But according to newspaper and Hollywood trade reports, the carbon-copy remake is the real deal.
Van Sant, the stylish director of Drugstore Cowboy and Oscar nominee for Good Will Hunting, will use Hitchcock's old script and camera setups. He's even supposed to abide by Hitch's 30-day shoot schedule. And the plan is for the finished product to clock in at 109 minutes--the same (natch) as the 1960 film.
The only way you'll be able to tell the difference between Psycho (the original) and Psycho (the duplicate) is color film, new locations and a new, as-yet unsigned cast, invariably described as "young" and "hip."
"We're actually making essentially the same movie," producer Brian Grazer tells USA Today.
To which, The MacGuffin, a Website for Hitchcock scholars, today replies: "We're not sure what that will prove!"
Universal, the studio behind Psycho, its two theatrical sequels and TV-movie prequel (all with the late Anthony Perkins as Motel Hell keeper Norman Bates), presumably hopes it'll prove profitable.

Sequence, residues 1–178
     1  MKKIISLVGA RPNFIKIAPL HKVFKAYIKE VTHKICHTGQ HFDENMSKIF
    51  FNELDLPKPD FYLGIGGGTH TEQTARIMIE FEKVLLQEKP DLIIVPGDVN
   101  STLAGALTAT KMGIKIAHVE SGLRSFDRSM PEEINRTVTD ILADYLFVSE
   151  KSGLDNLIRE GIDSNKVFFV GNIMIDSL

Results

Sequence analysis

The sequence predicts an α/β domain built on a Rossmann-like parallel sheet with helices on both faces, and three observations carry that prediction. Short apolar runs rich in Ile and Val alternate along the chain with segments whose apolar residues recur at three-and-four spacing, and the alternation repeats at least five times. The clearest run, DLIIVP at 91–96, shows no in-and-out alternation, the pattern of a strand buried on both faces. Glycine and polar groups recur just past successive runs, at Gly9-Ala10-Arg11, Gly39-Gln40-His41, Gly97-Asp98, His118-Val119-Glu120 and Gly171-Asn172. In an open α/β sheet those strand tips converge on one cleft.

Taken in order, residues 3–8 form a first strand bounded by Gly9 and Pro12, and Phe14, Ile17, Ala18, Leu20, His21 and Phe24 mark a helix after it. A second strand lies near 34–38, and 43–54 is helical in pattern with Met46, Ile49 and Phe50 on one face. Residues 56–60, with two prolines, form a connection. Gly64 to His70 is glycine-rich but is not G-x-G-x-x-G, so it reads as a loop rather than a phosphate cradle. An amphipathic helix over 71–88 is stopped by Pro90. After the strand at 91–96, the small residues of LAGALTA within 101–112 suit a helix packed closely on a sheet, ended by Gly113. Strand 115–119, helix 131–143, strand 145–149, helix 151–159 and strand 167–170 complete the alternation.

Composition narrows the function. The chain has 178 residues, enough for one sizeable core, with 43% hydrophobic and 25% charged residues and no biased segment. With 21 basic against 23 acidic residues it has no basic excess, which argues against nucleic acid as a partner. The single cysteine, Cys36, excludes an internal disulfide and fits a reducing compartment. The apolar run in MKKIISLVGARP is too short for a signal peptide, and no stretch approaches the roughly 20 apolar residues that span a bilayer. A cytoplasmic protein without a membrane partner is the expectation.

"No one has ever done anything like this," said Grazer, a Hollywood veteran who produced Liar Liar and can be trusted on such things.
Even with Van Sant trying to channel Hitchcock with every frame, the all-new Psycho won't feel like a retread, he said.
"If you want to use, say, Drew Barrymore in the Janet Leigh role, she's going to exude something different," he told the paper.
As Hitch might have said himself on his 1950s TV show: Veeery interesting.
Actually, Hitchcock, who died in 1980, once wrote that he wanted to make Psycho in color but figured all the bloody red blood wouldn't go over big with censors.
Here's guessing Van Sant won't run into that roadblock.